But the government shutdown has shuttered the famous national park and emptied out the surrounding streets, depriving residents of revenue.
"It's disastrous," said Greg Bryan, the manager of a local Best Western hotel who also happens to be the town's mayor. He added that Tusayan is losing tens of thousands of dollars a day—totaling close to a million in much-needed money that business owners likely won't recoup.
(Read more: Small businesses fear bankruptcy from national park shutdowns)
Roughly 4.5 million visitors from around the world venture to the Grand Canyon annually, injecting an estimated $1.3 million a day into nearby towns.
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The Best Western, which is usually 90 percent occupied—especially in October, when cool temperatures throw off the blanket of Southwestern heat—was barely one-third full Tuesday night, Bryan said.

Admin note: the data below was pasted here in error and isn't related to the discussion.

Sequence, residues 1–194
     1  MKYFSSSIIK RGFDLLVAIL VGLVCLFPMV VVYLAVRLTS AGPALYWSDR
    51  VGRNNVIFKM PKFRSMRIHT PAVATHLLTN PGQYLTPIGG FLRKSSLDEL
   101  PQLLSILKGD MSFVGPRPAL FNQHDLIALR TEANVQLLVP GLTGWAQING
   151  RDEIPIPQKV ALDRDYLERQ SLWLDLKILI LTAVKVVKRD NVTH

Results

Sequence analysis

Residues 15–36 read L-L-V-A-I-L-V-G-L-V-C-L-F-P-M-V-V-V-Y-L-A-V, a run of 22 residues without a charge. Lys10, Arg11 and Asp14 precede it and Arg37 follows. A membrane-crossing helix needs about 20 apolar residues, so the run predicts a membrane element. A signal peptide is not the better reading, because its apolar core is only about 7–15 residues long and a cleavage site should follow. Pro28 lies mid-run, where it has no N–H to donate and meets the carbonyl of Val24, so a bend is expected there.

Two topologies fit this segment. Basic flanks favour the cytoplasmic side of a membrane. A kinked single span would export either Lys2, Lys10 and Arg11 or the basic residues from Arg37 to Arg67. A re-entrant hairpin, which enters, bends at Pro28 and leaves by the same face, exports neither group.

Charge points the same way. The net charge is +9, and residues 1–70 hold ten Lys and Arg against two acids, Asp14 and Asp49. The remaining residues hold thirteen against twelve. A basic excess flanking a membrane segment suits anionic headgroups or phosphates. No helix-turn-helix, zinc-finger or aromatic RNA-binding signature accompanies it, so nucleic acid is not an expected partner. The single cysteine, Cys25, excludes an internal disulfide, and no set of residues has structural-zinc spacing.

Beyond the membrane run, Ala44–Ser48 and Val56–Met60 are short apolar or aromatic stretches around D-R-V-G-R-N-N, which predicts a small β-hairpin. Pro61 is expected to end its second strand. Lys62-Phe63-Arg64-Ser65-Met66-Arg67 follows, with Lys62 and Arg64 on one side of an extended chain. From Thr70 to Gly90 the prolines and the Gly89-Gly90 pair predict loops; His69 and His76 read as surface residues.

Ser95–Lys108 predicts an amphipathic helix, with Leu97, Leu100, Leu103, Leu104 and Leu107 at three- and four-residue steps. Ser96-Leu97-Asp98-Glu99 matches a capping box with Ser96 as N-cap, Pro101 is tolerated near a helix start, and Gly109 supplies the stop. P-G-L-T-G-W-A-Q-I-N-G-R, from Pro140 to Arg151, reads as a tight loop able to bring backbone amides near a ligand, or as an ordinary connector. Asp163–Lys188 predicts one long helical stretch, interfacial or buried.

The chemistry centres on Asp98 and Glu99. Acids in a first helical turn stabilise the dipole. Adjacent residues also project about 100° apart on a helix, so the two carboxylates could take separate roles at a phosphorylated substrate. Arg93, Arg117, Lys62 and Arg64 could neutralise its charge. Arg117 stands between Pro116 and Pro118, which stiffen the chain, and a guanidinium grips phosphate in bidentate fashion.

(Read more: Here are 7 debt-default doomsday scenarios)
Many of the hotel's employees—not to mention some 2,200 workers inside the park—have been laid off amid the tense political impasse in Washington.
Now, residents are scrambling to make ends meet after losing jobs that didn't pay all that much to begin with, locals said.
On Tuesday, some 50 people swarmed the entrance sign to Grand Canyon National Park, staging a "fed up with the feds" protest to draw attention to the fiscal crisis plaguing the town, according to the Associated Press.
"The service workers are suffering. They have no pay, no food," said Bill Brookins, a protester. "They are minimum-wage workers. It's wrong."
(Read more: Goats laid off by government shutdown)